COMMENTARY: Sifting through the muck

by Sep 10, 2020OPINIONS





Running for office has become a very dirty business. Allegations of vote buying, vote tampering, corrupt candidates, and nasty attack advertising permeate the election landscape.

It happens at all levels of governance. From tribal elections, where, in a tight-knit community, gossip told spreads faster than a 911 call on a police scanner, to full-blown, multi-million-dollar smear campaigns at the national level.

At the tribal level, the nastiness is very personal. Individuals, not parties, are accused of malfeasance, less than acceptable lifestyles, and any other behavior that implies extravagance, arrogance, or wrongdoing. Like the national arena, most gossip doesn’t have to come from a reliable source. After all, why would my friend or colleague lie to me? If they say it, it must be true. Just like the internet. How many rumors of impropriety or investigation for impropriety have you heard about? And, most interestingly, how many of those allegations that you hear about have been independently verified?

Elections in general turn into brutal assaults. “Sides” develop early in life. For some, partisanship is a lifelong obsession. Political philosophy tends to be siloed into two distinctly different socio-economic realms, conservative and liberal. And the social discourse of the day seems to be controlled by the fundamentalists in each group. I call them extremists because there seems to be no middle ground or compromise areas for either position. “If you don’t love this, then you are a hater and I am going to hate you for being a hater, because I am all about love.” No room for discussion. End of story. The mentality is if you don’t believe as I believe, then I guess we are at war.

And so, candidates for office spend much time and many dollars telling you why you should hate the other candidates, and vice versa. In the race for the presidency, we have candidates calling each other names like children and talking about taking each other “out behind the barn for a whipping”. We have candidates for Congress calling each other “un-American” and trying to out-nasty each other’s past. If you listen to enough of it, you truly realize that you are not voting for someone, but against someone, hopefully the lesser of nearly equal evils. And if we have come to that point in our society, tribal or otherwise, we are in a sad place indeed.

There are many in the media who love the idea of a good muckraking. Many so-called journalists don’t even bother to verify material that they distribute to the media. If they see it on the internet or, more likely, social media and think it is juicy enough to sell a few copies, it may immediately become a feature story. Many editors and publishers are relenting to the pressure of economy and running material that has had no fact check or ethical scrutiny. Fact mingled with opinion has become the news of the day, further deepening the divide between socio-economic philosophies.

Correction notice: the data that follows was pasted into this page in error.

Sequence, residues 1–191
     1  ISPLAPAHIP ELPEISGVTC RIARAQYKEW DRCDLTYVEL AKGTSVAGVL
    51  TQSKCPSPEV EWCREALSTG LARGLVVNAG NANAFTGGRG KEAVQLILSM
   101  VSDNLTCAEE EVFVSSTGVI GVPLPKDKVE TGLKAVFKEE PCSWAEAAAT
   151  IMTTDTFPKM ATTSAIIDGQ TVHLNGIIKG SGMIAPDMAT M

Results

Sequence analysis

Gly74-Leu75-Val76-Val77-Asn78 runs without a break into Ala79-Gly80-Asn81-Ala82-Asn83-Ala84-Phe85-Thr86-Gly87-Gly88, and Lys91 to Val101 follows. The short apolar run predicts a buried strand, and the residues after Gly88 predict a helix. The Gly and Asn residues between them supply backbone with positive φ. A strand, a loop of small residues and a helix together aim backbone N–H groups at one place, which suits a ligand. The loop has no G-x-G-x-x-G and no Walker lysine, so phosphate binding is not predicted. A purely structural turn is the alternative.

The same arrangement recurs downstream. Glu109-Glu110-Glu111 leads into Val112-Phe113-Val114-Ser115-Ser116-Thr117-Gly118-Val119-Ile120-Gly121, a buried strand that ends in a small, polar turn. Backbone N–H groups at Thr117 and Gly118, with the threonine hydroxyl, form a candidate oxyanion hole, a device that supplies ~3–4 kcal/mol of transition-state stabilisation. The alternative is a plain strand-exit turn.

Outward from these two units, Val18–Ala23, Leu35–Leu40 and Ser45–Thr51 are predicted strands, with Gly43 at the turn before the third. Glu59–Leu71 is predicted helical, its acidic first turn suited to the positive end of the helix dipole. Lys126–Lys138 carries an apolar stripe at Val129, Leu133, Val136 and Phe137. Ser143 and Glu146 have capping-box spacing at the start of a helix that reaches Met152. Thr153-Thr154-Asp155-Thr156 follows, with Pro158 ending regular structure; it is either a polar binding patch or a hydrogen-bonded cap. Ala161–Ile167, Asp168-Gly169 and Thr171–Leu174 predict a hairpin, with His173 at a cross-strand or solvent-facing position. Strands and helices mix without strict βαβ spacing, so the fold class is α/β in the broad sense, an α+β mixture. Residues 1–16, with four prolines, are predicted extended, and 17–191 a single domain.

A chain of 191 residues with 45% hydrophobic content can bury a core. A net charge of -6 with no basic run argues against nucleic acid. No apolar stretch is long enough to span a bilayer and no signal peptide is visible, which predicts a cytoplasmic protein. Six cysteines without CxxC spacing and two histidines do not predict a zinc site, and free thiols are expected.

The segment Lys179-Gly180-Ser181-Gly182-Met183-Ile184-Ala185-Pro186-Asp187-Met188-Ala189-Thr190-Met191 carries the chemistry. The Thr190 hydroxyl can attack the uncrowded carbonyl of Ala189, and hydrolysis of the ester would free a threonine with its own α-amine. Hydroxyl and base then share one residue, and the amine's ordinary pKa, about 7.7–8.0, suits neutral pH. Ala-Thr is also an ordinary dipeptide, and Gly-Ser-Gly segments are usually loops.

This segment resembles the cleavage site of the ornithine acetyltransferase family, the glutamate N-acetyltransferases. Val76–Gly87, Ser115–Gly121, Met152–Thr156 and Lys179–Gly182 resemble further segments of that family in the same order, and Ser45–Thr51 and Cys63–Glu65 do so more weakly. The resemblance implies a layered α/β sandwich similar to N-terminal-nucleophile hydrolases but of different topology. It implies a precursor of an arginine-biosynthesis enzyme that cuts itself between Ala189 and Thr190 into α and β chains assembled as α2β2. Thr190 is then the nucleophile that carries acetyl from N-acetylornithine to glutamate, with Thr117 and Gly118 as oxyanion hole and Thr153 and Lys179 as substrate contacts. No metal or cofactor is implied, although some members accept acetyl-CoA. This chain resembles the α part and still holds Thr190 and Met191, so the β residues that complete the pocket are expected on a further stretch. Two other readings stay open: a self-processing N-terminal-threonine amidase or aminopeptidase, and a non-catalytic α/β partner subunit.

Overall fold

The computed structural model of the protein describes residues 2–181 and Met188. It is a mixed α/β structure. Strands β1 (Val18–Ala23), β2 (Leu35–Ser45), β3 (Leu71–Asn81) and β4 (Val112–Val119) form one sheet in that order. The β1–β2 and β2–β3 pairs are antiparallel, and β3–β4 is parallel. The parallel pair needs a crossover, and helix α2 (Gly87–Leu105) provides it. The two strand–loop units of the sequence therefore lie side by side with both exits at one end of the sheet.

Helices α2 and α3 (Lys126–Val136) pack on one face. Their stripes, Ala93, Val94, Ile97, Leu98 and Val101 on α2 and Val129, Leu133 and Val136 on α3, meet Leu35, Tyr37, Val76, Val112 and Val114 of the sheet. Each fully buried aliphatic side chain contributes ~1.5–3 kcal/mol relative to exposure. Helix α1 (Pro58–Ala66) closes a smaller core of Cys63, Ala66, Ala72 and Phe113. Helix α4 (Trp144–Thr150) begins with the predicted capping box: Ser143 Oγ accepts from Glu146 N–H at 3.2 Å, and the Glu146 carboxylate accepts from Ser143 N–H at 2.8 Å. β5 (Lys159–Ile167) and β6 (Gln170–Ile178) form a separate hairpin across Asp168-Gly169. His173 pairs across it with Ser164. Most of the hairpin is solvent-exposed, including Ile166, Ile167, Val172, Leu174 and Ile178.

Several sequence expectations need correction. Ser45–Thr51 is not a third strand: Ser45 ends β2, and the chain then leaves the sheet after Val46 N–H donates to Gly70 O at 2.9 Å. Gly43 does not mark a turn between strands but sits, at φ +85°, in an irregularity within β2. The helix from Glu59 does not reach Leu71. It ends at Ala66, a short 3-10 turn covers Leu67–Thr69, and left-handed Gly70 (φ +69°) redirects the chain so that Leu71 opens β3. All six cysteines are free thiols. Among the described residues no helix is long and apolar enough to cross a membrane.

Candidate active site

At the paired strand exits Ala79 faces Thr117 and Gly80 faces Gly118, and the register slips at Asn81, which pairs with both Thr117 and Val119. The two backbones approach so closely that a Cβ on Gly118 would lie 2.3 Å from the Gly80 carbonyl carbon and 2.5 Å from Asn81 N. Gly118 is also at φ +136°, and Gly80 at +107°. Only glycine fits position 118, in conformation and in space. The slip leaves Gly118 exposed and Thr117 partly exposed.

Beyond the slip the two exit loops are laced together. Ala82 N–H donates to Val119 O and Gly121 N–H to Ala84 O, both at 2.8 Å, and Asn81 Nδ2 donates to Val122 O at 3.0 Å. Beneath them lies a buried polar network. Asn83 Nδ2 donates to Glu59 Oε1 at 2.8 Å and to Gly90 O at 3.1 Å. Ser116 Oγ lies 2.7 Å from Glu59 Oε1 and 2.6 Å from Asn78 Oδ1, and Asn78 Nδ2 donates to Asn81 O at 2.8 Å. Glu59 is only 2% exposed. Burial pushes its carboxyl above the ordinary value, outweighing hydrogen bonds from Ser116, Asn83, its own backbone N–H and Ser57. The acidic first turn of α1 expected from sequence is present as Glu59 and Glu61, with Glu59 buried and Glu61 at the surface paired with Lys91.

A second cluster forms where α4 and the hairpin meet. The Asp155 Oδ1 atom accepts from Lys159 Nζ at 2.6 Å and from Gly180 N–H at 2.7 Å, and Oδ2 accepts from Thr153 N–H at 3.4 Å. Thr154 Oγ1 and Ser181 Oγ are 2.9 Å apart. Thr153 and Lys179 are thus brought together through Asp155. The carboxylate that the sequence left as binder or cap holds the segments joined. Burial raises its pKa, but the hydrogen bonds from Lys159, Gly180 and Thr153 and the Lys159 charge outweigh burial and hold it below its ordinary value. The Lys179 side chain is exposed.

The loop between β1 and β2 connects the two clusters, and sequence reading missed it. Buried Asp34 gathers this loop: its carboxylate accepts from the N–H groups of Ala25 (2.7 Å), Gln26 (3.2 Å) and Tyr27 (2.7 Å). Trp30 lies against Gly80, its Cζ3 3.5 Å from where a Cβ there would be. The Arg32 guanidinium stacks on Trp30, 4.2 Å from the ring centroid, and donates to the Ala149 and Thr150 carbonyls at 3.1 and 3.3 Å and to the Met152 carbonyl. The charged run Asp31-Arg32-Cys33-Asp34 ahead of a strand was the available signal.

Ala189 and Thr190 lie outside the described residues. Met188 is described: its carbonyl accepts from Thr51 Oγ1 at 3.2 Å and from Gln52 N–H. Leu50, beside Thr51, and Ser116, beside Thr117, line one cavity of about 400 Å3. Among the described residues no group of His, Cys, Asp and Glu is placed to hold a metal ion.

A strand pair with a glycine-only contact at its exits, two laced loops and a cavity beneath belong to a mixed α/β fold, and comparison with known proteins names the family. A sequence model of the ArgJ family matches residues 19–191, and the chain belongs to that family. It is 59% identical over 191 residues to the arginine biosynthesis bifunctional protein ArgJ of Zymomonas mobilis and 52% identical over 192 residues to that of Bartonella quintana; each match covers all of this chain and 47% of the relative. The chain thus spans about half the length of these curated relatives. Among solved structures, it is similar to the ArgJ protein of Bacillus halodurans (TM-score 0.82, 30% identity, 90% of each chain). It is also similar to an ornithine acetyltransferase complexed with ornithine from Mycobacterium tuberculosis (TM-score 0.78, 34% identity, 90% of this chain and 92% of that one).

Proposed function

There are no longer clear delineations between news and entertainment departments in media outlets, even in markets like Asheville. What is presumed to be factual news when you see it on the screen or typed into a Facebook page will likely only be a kernel of fact with a glamourous embellishment by the media. In the infancy of modern media, this was a huge concern in America. News organizations were purposefully siloed in a media outlet to insolate journalists from the pull to produce material for the sake of making a buck. Now, making the buck is what many news outlets strive for.

So, when two fundamental ideologies go at it tooth and nail, the media is right there in the fray. If it bleeds it leads. And nothing creates bloodshed like the hateful rhetoric generated by radically opposing sides.

The bad part about all this, besides showing us where our priorities are, is that voters and constituents are caught in the middle. We want good governance. We want freedom. We want ethics. We want to know what candidates can and will do for us. We want to know their education, experience, and their philosophy. I do not care what candidate A thinks about candidate B. I do not care what candidate B thinks about candidate A. Candidate, I just want you to tell me how you will keep doing the things that are going right and how you will fix the things that are going wrong.

It is possible to get the facts and, to their credit, the media is still the best hope for getting the facts disseminated to the public. But there is no longer a silo that the public can count on to separate the fact from the entertaining fiction. It is up to us to get out our rake or sifter. We have to take each thing we hear, regardless of where we hear it, and test it.

A common judicial term is “preponderance of evidence”. When fact checking fails, check multiple sources and compare what is being said about a supposed “fact”. Preponderance means more than one or two sources confirm a statement. It means that the more independent sources that are saying the same thing gives weight to the truth of a particular statement of alleged fact.

We must always keep in mind that in our society, people are assuming truth based on their own set of filters. My truth has its own set of caveats and so does yours. It shouldn’t mean that we have to hate each other. It only means that we have to accept each other with the knowledge that those caveats won’t go away. If our candidates for office won’t do that, then we are going to have to do that. Sift through the muck and find those kernels of truth. Vote based on truth and not the muck.